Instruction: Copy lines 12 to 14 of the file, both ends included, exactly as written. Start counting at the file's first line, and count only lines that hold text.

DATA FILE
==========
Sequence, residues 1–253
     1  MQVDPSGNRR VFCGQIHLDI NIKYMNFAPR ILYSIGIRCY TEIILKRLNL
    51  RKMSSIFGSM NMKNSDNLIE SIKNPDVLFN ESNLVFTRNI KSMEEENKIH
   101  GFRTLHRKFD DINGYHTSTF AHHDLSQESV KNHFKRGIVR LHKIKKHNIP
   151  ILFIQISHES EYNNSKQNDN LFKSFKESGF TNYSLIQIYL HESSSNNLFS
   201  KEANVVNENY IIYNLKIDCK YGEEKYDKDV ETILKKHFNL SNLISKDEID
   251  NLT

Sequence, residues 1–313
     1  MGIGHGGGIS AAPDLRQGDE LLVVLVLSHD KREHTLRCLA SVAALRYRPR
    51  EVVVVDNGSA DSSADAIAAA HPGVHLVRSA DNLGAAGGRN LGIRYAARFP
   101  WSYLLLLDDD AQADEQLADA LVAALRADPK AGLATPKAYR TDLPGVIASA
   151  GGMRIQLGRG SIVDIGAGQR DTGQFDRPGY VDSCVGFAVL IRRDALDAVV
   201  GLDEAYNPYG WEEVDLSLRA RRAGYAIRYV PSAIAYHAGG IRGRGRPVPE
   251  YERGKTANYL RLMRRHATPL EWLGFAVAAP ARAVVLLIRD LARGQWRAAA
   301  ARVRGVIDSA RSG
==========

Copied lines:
   151  GGMRIQLGRG SIVDIGAGQR DTGQFDRPGY VDSCVGFAVL IRRDALDAVV
   201  GLDEAYNPYG WEEVDLSLRA RRAGYAIRYV PSAIAYHAGG IRGRGRPVPE
   251  YERGKTANYL RLMRRHATPL EWLGFAVAAP ARAVVLLIRD LARGQWRAAA